As summer heats up and air conditioners work overtime to keep homes and businesses comfortably cool, the U.S. power grid may not have what it takes to keep the lights (and A/C) on for everyone. Rolling brownouts could be in the cards for anyone across the country.

State officials and media outlets warn consumers and businesses alike to plan for longer, more frequent outages.

Beyond the obvious (comfort, productivity, sanity), what else is at risk? Millions of dollars of electronics, appliances, and investments keep our homes and businesses running smoothly.

Read More: Electric Grid Operators Warn Of Potential Summer Blackouts   

What Causes Power Surges in Electronic Systems?

Sudden power surges can happen whenever electricity is cut off and immediately reconnected. When a large-scale power grid failure occurs known as a blackout, the jump of electricity coming back on can force too much current through your electronics, which can damage them, reduce their lifespan, and cause problems with your home or business’s investments.

Brownouts are another common grid-related issue. In a brownout, the voltage provided by the power supply drops below its standard value, but the electric service is not interrupted completely.

Reduced voltage may seem better than having no voltage, but brownouts can be worse than blackouts in many cases. Electrical devices are designed for a specific voltage range and can suffer damage when exposed to a voltage that is too high or too low.

Power grids aside, epic summer thunderstorms with lightning strikes can result in the same damaging effects. Your standard North American electronic devices are rated for 120 volts.

A major lightning strike creates an electromagnetic pulse that can send millions of volts into a building or home’s electrical panel, wiring system, and connected devices, frying them instantly.

Read More: Large Parts Of The U.S Risk Blackouts Due To Heat Extreme Weather 

Installing A Whole-Home Surge Protector

While many people have point-of-use surge protector strips on televisions, computers, and gaming equipment, most people forget about protecting larger appliances like their HVAC system, freezer, pool system, or even their commercial machinery.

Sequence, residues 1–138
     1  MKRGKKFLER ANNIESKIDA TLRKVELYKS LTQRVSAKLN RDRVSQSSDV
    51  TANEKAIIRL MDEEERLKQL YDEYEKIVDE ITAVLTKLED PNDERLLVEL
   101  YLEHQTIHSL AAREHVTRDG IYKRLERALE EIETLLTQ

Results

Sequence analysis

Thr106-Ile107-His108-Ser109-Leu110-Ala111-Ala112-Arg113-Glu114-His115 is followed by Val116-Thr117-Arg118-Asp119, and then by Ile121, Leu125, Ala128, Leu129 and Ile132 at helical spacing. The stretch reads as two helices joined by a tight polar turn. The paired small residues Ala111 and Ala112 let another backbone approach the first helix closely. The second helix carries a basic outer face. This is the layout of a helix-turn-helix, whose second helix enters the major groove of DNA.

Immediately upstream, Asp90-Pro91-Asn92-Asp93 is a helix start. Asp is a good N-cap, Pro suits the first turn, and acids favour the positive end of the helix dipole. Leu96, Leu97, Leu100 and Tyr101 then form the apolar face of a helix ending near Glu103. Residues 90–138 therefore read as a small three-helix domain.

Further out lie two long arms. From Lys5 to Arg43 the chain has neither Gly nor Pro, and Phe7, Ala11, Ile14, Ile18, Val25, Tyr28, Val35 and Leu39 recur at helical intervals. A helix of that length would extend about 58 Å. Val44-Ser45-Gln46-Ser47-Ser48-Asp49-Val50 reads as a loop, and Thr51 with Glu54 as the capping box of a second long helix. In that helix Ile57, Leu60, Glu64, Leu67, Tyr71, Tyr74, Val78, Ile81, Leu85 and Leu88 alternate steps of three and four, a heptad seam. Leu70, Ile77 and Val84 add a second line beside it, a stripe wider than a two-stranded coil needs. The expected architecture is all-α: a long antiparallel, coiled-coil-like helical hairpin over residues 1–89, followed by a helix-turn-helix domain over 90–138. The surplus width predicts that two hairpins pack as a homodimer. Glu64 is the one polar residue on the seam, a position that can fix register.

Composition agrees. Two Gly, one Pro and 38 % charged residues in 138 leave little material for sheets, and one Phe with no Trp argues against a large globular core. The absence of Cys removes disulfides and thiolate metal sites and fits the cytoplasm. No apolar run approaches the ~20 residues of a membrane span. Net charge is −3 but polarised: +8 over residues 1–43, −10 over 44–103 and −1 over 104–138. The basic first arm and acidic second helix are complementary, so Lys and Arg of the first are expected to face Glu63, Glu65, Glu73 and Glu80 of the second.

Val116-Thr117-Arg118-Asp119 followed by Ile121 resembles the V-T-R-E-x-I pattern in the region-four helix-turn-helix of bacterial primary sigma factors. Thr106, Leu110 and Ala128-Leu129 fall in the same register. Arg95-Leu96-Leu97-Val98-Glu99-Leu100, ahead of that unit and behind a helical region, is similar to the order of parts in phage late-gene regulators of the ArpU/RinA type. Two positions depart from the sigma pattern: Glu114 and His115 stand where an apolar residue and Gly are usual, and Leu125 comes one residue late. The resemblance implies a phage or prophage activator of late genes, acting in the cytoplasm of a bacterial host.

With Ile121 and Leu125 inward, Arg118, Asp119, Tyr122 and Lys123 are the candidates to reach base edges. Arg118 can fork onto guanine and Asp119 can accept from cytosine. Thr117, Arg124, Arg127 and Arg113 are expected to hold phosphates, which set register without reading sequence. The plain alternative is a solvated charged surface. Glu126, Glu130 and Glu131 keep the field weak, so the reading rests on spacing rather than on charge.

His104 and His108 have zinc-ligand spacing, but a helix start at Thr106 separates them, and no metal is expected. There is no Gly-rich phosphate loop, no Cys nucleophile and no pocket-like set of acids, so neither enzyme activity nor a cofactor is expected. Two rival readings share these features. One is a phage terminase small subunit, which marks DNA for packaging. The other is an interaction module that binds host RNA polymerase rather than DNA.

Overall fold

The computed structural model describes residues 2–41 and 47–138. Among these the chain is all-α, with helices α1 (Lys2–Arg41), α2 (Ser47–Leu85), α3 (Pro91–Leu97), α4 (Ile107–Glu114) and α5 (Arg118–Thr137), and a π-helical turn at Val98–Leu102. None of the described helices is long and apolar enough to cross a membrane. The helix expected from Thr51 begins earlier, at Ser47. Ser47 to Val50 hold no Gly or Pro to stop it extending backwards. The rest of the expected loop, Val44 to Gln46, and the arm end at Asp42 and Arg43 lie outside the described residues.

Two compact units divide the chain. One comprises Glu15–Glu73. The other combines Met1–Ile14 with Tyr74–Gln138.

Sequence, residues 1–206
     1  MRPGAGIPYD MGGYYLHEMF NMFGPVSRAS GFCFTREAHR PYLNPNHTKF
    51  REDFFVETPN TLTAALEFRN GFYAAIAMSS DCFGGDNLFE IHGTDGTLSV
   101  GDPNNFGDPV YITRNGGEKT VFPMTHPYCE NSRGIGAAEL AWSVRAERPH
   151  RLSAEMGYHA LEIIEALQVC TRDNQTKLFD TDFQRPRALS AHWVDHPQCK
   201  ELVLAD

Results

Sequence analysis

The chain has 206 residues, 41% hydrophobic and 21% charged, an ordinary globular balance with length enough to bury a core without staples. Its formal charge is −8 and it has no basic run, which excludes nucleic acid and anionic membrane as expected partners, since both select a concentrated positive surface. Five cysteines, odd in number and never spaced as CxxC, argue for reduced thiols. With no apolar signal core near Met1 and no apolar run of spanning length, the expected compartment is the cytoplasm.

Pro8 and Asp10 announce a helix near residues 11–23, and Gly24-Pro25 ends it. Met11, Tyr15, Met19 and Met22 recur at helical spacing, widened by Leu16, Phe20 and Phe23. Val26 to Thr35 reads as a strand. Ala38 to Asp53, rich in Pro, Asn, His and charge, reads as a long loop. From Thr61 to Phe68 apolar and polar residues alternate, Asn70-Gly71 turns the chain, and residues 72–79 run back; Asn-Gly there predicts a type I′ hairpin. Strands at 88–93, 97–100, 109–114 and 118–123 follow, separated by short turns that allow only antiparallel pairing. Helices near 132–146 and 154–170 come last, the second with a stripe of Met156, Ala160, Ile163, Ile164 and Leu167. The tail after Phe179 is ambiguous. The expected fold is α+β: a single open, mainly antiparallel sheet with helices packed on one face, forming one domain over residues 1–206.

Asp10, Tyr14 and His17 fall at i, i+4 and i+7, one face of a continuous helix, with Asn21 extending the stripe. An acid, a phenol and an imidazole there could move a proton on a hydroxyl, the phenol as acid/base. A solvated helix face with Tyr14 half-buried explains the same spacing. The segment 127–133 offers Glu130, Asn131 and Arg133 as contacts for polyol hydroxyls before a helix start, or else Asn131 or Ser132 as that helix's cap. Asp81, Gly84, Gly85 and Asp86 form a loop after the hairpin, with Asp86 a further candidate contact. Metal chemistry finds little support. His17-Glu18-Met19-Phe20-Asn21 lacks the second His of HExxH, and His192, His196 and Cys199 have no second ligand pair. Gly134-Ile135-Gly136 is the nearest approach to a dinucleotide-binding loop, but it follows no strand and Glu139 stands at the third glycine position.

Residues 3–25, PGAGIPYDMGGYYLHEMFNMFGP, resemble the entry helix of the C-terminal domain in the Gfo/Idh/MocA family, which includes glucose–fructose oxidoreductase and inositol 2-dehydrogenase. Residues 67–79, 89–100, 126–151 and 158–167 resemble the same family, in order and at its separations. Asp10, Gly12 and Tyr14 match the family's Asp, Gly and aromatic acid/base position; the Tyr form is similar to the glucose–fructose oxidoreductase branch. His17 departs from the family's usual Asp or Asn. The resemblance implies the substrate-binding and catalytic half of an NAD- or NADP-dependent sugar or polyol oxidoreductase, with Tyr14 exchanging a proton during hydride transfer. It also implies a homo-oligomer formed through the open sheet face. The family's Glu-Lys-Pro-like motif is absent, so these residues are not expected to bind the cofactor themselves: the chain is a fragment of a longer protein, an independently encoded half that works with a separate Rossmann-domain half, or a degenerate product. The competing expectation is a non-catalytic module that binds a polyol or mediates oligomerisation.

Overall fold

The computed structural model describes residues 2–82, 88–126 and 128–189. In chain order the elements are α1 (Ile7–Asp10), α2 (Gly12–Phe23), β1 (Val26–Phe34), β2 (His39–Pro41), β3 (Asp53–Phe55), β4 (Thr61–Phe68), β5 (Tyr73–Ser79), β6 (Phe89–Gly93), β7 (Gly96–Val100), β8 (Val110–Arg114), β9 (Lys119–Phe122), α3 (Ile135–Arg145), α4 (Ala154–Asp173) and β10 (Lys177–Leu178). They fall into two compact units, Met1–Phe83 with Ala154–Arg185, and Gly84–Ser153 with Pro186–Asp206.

The most effective solution is a whole-home surge protector that protects the circuits directly at the electrical panel, modulating and controlling your home’s power. A surge suppressor will help protect your electronics from internal and external power surges.

Don’t let transient power spikes get the best of you. Protect your investments. ICM Controls offers a complete catalog of Surge Protective Devices and Line Voltage Monitoring Relays designed for single and 3-phase applications.

Relevant Products:

Power Surge Protection Devices:

ICM517  –  (Single-Phase 120/240 VAC, Type 2 Surge Protective Device. Max surge current 100,000 amps, NEMA 3R Rated Metal Enclosure)

Whole home:

ICM518  –  (Split/Single-Phase 240 VAC, Type 1 & Type 2 Whole Home Surge Protective Device. Max surge current 100,000 amps, NEMA 4X Rated Enclosure)

ICM530  –  (3-Phase Delta 240V & WYE 120V/208V, Type 1 & Type 2 Surge Protective Device. Max surge: 150,000 amps, NEMA 4X Rated Enclosure)

ICM531  –  (3-Phase Delta 480V Or WYE 277V/480V, Type 1 & Type 2 Surge Protective Device. Max surge: 150,000 amps, NEMA 4X Rated Enclosure)

ICM532  –  (3-Phase Delta 600V Or WYE 346V/600V, Type 1 & Type 2 Surge Protective Device. Max surge: 150,000 amps, NEMA 4X Rated Enclosure)

ICM533  –  (3-Phase Delta High Leg 120V/240V, Type 1 & Type 2 Surge Protective Device. Max surge: 150,000 amps, NEMA 4X Rated Enclosure)

Voltage Monitors:

ICM492  – (Single-Phase 90/240 VAC, Line Phase Monitor, LCD Display, 5-fault memory diagnostics fault identification)

ICM450A (3-Phase Line Phase Monitor, LCD Display, 25-fault memory diagnostics fault identification)

ICM450A+ PLUS (3-Phase Line Phase Monitor, LCD Display, 25-fault memory diagnostics fault identification, and Modbus communication)

Combination Voltage Monitor / Surge Protection:

ICM493  –  (Single-Phase 200/240 VAC, Line Phase Monitor w/ built-in Surge Protection, NEMA 3R Rated Metal Enclosure)